Reprinted from the Outer Banks Voice
MANTEO — With construction well underway, the N.C. Aquarium on Roanoke Island is expected to open its improved Sea Turtle Assistance and Rehabilitation Center, or STAR, sometime in mid-2014, according to aquarium curator Christian Legner.
The state Department of Environment and Natural Resources is paying for the 3,000-square-foot center, which is being built in partnership with the Network for Endangered Sea Turtles, or N.E.S.T. Aquarium officials say they hope to occupy STAR next month to begin outfitting it for operation.
A turtle receives treatment at a rehabilitation center at a N.C. Aquarium. Photo: N.C. Aquariums
Legner said the facility should be up and running no later than early summer.
It will outshine the current turtle rehab center. It will have more space and state-of-the-art exhibits that will engage the public in the rehabilitation process. Currently, aquarium workers and N.E.S.T. volunteers operate out of a small outbuilding at the aquarium site that Legner says is about three times smaller than the building now under construction.
“We just keep taking turtles until we are full to the brim,” Legner said. “Last year, we had more than 70 turtles.”
When the facility becomes overcrowded, turtles are shipped to other rehab centers in the state. The new facility will significantly reduce the need to transport turtles out of the area, which reduces the stress on the animals during their rehabilitation.
STAR will include key equipment to allow veterinarians to treat the turtles on-site, more treatment space and increased options for housing the turtles, Legner said. It is being built off the current Operation Sea Turtle Rescue exhibit on the sound side of the aquarium and will include a separate treatment exam room with a large window for public viewing.
The current facility is often overcrowded.
LCD screens will also be installed to post information for visitors about current patients.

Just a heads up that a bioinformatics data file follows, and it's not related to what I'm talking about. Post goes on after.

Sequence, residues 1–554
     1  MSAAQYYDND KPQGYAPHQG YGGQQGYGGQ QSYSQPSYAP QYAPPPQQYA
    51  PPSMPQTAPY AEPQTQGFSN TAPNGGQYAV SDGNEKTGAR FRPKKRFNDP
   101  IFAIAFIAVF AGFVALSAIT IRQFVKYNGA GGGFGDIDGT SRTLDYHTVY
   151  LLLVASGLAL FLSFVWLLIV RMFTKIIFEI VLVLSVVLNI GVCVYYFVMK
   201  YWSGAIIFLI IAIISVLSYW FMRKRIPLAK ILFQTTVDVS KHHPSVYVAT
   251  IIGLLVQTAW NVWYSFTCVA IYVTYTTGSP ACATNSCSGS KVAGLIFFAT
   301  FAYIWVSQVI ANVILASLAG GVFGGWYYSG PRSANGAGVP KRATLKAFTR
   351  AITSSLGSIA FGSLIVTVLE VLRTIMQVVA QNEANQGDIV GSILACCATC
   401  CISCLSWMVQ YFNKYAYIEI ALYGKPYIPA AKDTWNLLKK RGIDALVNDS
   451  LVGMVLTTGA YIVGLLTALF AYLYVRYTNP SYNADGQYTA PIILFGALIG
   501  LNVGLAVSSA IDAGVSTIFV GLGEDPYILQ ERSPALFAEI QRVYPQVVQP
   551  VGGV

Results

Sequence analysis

The new center also will feature technology to enable N.E.S.T. volunteers and aquarium staff to answer questions from visitors as they work on the turtles.
“There will be a lot of new graphics and interactive exhibits for the public,” Legner said.
The aquarium and N.E.S.T. will continue to work together to respond and treat cold-stunned turtles in the winter months and injured or sick turtles throughout the year. Once turtles are treated by a veterinarian, they are transported to the rehab center until they are healthy enough to be released into the ocean.
The new facility will include holding tanks for recuperating turtles, food preparation areas, storage space and a large medical treatment room. An advanced filtration system in the tanks will give caregivers the opportunity to provide turtles with better care, according to Legner.
A strong education component will be included in the new facility with the large window and interactive displays.
“Visitors will now get a behind-the-scenes look at us working with the turtles,” Legner said.
N.E.S.T. partners with the aquarium by providing frontline response to turtles in distress as well as funding veterinary bills and volunteering seven days a week at the turtle rehabilitation center. The aquarium foots the bill for room and board as well as some medical expenses and staffing, Legner said.